No discussion about space conspiracy theories would be complete without mentioning the Roswell incident. In July 1947, rancher Mac Brazel discovered some strange debris in an area northwest of Roswell, N.M. Brazel couldn't identify the debris, and a nearby military base released conflicting information about the material's origin. A few local newspapers picked up the story. While people thought the incident was unusual, several years passed before the first theories about alien activity really took off. At that time, dozens of UFO enthusiasts published stories and books about the Roswell incident. The basic theory was that the debris came from an alien spacecraft and that the United States government confiscated the material for later study.
According to some theories, the government transported the debris to an Air Force base in Roswell. Others say they took it to Area 51, a secret military base in Nevada where the government tested experimental aircraft. There were stories of autopsies performed by government officials on dead aliens. Some people claimed that anyone trying to uncover the government's secrets about aliens would receive a visit from a group of intimidating officials in dark suits: the so-called Men in Black. The U.S. government repeatedly denied having any information about extraterrestrials, but many theorists dismissed the government's responses. Officially, the Air Force says that the debris found in Roswell came from a crashed surveillance balloon that was part of a top-secret project called Project Mogul and that it has no information about alien life forms [source: Air Force News].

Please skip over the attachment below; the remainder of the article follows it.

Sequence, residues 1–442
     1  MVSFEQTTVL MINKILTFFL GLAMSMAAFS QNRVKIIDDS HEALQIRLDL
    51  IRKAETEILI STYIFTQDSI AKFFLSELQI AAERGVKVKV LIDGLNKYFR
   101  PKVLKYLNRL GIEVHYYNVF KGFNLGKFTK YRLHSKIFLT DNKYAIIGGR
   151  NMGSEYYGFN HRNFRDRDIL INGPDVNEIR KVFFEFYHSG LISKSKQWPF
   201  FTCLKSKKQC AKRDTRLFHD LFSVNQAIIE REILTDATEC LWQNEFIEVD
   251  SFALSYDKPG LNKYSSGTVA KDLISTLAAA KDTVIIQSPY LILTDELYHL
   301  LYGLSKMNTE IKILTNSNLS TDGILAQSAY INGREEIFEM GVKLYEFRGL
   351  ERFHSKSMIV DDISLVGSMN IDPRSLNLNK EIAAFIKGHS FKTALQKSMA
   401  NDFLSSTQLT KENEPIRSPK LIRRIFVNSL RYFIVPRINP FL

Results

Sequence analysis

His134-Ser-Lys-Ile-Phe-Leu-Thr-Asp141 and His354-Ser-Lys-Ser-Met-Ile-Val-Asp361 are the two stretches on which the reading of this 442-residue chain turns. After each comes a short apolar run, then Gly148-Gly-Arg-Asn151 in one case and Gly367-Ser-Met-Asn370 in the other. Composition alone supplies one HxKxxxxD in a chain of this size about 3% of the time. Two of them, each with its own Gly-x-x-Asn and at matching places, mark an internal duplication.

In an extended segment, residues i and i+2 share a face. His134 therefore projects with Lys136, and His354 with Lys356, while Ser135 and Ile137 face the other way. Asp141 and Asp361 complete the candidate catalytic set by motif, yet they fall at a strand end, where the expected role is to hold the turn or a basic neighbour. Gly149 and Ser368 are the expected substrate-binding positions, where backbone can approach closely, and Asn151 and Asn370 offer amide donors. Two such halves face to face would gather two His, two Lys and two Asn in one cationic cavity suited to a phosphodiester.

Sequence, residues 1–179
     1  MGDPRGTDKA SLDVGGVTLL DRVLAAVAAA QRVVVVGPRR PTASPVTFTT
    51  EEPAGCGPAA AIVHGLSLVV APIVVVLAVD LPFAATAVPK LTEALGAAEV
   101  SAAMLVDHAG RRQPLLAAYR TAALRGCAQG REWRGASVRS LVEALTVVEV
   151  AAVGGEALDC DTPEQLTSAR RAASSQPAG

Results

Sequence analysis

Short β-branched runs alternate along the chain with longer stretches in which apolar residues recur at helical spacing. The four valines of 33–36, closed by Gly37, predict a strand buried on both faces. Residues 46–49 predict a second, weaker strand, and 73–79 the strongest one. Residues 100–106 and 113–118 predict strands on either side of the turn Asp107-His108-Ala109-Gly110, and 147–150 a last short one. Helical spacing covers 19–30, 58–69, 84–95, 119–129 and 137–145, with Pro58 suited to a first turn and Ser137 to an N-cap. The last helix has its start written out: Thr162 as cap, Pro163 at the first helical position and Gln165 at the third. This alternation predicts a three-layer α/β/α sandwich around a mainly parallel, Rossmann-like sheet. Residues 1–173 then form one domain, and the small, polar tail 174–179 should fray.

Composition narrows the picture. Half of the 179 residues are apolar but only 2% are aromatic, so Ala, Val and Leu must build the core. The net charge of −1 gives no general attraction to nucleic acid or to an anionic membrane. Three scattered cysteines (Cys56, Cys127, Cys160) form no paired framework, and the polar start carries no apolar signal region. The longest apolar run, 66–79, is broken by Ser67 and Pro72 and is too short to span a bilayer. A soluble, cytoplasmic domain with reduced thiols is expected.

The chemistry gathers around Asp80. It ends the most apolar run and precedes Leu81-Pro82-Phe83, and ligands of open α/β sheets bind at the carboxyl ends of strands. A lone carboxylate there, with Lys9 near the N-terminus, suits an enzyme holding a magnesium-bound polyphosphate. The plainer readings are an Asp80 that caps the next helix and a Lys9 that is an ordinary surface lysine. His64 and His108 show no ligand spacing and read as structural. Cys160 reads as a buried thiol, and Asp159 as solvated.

Another nail in the theory's coffin came when the United States CIA acknowledged the existence of Area 51 in a document about the U-2 spy plane [source: CNN]. The document didn't suddenly blow the lid off of alien technology. Instead, the paper confirmed what many writers have said about the military base -- it was a testing ground for top-secret military aircraft.